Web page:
Trains whistling while travelling through Stouffville won’t be ending in the near future. Town councillors have decided to leave the matter in the hands of those who will be elected later this year, which could ultimately put a plan in place sometime in 2019 or beyond.
The move comes after a recent Whitchurch-Stouffville town council meeting where two councillors — Iain Lovatt and Rob Hargrave — tried unsuccessfully to speed up the process of launching a safety study on level crossings with the eventual goal of ending the train whistles. The study involves a detailed design of the railway improvements needed to support achieving whistle stoppage. Depending on the results of the study, council would then have to decide to spend the funds associated with changing the crossings, if that was required. A staff report recommended delaying the study until early next year.
Ward 5 Councillor Lovatt said the plan that was accepted won’t satisfy the concerns of residents who have long complained about the noise associated with trains at crossings throughout town.
“This is an emotional issue for the community,” said Lovatt. “Punting it out to the next council is a disservice.”
Train whistles, or horn blasts, have become a hot topic in the town as population growth has increased the demand for train service, specifically GO transit. By law, trains must whistle whenever they approach a level road crossing as a warning to drivers, cyclists and pedestrians. However, the increased train traffic has led to more whistles and increasingly angry residents who don’t want early morning wake up calls or late night intrusions, not to mention the noise throughout the day.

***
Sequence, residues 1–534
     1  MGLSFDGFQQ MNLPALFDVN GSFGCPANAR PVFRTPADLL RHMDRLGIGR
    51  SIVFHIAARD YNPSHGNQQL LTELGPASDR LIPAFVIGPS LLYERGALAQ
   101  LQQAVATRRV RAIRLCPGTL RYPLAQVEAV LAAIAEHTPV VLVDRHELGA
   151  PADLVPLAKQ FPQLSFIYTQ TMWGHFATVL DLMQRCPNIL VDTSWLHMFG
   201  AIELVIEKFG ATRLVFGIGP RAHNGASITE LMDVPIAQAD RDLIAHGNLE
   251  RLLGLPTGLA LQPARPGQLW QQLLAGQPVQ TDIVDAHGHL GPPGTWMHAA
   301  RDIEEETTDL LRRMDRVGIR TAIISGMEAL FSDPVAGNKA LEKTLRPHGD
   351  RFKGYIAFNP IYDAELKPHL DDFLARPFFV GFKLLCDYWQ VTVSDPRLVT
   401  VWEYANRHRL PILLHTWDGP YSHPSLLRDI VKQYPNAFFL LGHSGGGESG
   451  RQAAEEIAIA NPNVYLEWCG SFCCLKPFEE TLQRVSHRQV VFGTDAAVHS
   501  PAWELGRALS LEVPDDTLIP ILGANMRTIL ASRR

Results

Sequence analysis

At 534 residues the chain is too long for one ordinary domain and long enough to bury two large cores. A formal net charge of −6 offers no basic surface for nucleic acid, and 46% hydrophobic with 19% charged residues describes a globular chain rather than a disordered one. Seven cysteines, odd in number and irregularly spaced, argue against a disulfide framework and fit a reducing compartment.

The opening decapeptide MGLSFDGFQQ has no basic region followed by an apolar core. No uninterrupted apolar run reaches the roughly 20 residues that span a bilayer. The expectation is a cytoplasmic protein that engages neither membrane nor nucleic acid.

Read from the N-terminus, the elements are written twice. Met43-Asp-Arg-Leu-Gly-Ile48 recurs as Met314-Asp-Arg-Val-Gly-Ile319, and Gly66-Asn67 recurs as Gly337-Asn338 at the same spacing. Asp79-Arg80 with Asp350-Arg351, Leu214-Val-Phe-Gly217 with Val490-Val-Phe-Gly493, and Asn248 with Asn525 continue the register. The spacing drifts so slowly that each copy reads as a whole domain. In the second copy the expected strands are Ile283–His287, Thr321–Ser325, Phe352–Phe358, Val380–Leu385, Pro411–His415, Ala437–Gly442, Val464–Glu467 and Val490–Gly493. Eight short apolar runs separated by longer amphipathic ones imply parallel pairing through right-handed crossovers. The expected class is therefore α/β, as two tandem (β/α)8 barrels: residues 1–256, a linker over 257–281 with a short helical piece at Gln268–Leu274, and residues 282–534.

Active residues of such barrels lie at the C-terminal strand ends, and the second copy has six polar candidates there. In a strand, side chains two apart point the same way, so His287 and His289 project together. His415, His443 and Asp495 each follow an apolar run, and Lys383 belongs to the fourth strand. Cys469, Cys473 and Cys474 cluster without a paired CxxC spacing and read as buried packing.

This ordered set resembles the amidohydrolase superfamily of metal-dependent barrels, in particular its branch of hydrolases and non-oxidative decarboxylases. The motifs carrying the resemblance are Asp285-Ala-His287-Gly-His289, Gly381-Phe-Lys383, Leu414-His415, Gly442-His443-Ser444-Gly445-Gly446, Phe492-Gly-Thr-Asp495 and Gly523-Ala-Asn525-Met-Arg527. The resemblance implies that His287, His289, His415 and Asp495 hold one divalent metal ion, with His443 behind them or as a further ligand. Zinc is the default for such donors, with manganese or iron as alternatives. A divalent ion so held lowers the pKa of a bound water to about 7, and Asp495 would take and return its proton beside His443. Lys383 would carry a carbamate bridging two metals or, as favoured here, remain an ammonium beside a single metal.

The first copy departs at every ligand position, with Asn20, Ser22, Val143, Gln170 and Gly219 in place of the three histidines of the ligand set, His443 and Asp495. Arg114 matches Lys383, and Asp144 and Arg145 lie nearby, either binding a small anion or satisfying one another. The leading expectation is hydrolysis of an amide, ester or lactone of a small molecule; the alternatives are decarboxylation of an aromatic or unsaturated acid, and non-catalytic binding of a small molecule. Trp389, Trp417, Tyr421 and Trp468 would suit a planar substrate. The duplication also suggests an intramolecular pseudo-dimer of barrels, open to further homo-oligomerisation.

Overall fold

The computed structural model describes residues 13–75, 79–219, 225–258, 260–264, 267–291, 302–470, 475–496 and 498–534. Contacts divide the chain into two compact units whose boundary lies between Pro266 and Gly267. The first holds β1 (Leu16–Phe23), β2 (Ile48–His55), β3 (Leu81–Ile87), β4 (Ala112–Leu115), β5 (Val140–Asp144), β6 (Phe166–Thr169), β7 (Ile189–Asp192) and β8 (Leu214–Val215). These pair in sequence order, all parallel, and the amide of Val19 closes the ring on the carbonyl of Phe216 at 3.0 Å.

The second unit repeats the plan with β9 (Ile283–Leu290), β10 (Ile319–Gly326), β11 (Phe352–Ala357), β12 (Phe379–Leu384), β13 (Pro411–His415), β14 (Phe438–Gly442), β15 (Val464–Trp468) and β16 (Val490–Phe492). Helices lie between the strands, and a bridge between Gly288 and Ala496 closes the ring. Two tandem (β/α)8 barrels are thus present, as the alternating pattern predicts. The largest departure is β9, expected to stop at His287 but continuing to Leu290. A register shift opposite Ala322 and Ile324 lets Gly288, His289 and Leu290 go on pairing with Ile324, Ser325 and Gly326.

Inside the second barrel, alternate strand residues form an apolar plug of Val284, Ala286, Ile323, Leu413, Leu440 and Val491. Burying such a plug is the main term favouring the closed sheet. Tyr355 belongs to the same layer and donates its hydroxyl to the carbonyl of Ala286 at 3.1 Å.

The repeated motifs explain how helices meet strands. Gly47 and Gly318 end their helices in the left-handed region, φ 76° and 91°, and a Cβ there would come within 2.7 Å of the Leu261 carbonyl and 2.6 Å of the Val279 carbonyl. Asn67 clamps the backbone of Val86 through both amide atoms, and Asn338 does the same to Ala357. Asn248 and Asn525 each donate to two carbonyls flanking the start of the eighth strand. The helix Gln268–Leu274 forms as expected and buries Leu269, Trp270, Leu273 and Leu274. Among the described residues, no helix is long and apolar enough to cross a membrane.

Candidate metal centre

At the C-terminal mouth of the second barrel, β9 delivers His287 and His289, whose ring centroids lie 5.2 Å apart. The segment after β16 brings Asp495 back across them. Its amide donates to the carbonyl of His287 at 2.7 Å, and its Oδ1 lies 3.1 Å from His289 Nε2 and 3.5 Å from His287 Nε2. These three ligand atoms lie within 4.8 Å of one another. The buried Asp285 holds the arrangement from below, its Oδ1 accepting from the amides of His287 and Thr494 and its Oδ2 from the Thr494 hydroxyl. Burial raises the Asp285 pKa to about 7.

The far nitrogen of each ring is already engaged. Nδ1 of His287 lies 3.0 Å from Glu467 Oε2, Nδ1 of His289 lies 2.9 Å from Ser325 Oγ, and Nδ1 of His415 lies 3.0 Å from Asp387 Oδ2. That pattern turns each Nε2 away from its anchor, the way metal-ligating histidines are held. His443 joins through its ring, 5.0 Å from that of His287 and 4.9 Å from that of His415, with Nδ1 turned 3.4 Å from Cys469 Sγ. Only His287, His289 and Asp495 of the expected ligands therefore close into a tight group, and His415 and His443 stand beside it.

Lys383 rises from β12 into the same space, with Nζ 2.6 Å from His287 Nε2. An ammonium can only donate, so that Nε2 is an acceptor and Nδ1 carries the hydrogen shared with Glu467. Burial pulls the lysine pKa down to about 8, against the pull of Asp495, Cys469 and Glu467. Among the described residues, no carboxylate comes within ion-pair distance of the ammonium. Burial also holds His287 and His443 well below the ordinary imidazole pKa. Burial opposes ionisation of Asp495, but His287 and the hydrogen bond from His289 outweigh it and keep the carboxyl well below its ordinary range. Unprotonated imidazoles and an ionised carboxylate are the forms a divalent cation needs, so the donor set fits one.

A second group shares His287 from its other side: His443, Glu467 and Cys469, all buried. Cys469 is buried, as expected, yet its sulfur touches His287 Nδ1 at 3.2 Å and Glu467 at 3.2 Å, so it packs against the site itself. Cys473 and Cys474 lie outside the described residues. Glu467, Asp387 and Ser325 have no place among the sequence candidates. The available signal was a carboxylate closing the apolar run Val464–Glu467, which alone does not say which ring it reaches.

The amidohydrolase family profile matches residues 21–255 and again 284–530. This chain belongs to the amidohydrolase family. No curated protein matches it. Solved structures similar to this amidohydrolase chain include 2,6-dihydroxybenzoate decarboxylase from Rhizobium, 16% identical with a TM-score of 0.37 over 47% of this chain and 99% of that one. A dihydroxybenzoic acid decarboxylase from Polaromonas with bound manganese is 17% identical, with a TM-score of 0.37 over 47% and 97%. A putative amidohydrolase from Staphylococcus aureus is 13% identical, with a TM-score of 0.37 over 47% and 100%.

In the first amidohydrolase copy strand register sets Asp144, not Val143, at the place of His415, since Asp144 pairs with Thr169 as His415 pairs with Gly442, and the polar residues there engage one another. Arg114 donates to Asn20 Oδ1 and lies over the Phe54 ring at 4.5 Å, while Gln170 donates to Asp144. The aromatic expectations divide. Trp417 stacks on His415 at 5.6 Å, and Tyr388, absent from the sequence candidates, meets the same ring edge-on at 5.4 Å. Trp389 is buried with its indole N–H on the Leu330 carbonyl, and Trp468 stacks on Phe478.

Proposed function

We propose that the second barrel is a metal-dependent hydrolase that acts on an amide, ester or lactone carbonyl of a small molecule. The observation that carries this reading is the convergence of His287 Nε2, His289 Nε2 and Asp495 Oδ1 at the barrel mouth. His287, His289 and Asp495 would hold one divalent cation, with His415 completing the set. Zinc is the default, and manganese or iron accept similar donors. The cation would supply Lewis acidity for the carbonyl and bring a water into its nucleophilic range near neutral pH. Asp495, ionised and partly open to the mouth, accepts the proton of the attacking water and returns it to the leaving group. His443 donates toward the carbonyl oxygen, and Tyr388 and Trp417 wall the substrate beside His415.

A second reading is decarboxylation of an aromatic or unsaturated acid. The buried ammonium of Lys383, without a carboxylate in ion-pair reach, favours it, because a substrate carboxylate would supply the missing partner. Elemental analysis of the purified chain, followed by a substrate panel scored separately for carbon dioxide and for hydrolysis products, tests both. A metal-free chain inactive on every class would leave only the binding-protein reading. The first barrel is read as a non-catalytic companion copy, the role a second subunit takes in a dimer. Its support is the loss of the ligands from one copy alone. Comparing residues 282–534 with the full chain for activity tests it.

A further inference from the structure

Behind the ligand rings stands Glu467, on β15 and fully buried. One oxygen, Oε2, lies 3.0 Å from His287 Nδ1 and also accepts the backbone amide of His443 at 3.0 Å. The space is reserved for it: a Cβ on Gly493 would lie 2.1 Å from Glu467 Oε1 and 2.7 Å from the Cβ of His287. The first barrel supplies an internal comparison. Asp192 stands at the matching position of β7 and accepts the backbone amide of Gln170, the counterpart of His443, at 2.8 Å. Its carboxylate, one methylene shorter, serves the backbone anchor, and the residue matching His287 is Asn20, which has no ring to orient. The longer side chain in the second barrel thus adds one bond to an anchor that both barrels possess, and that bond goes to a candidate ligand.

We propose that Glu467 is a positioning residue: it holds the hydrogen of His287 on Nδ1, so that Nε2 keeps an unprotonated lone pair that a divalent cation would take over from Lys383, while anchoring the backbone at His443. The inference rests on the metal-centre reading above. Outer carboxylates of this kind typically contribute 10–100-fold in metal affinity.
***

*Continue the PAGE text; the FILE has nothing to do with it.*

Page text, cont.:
In 2004, the town successfully achieved the cessation of whistles at the Millard St. and Bethesda Rd. crossings. While there are several more level crossings throughout Whitchurch-Stouffville, the locations at Hoover Park Dr. and Reeves Way Blvd. are the ones that now appear to be targeted.
Ward 6 Councillor Hargrave said council was just delaying the inevitable and predicted this issue will be the one that will be at the top of the priority list of the next council. He pointed out funds have already been approved for the initial study, yet wondered why the town hasn’t proceeded.
“The number of calls and emails are incredible,” Hargrave said, referring to public complaints about the noise. “They are paying taxes and our salaries and we need to be listening to them.”
Roman Martiuk, town chief administrative officer, told council the staff report recommending the delay was prudent as the municipality continues to struggle with financial issues that have put project costs well beyond the reach of available funds. He said if the town carried out initial studies the results won’t be available until the fall municipal election.
“The next council will then have to agree to raise taxes or find other funds to pay for all these projects,” he said, adding a different council might see this issue differently.
Ward 3 Councillor Hugo Kroon agreed, saying the issue was complex but cautioned about rushing the project through as public safety was involved.
“I see some potential issues with moving ahead too quickly,” said Kroon. “I prefer to do it right, as staff recommends.”